Expansion of human mesenchymal stem cells on microcarriers
journal contributionposted on 06.12.2011 by Christopher Hewitt, Kenneth Lee, Alvin W. Nienow, Rob Thomas, M. Smith, Colin R. Thomas
Any type of content formally published in an academic journal, usually following a peer-review process.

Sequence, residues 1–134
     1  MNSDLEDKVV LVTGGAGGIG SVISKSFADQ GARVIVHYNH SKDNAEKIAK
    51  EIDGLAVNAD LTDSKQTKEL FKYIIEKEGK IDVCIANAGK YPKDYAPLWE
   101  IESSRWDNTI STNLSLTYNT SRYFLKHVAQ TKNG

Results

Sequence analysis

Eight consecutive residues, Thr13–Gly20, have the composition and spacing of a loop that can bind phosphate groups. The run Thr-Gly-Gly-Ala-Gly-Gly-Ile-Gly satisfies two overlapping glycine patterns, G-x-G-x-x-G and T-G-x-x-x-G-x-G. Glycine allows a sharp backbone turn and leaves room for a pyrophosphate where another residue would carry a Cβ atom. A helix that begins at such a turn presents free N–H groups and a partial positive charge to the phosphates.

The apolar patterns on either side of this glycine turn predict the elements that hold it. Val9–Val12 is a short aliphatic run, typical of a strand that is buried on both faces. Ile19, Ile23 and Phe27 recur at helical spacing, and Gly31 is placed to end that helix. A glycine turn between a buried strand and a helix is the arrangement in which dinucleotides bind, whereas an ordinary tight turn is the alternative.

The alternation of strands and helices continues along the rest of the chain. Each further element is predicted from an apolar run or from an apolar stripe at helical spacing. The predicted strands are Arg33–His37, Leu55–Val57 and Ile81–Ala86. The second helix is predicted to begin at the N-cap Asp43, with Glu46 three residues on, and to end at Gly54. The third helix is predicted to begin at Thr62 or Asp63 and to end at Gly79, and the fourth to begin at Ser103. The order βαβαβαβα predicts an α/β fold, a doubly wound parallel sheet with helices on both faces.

The effects on human mesenchymal stem cell growth of choosing either of two spinner flask impeller geometries, two microcarrier concentrations and two cell concentrations (seeding densities) were investigated. Cytodex 3 microcarriers were not damaged when held at the minimum speed, NJS, for their suspension, using either impeller, nor was there any observable damage to the cells. The maximum cell density was achieved after 8–10 days of culture with up to a 20-fold expansion in terms of cells per microcarrier. An increase in microcarrier concentration or seeding density generally had a deleterious or neutral effect, as previously observed for human fibroblast cultures. The choice of impeller was significant, as was incorporation of a 1 day delay before agitation to allow initial attachment of cells. The best conditions for cell expansion on the microcarriers in the flasks were 3,000 microcarriers ml−1 (ca. 1 g dry weight l−1), a seeding density of 5 cells per microcarrier with a 1 day delay before agitation began at NJS (30 rpm), using a horizontally suspended flea impeller with an added vertical paddle. These findings were interpreted using Kolmogorov’s theory of isotropic turbulence.
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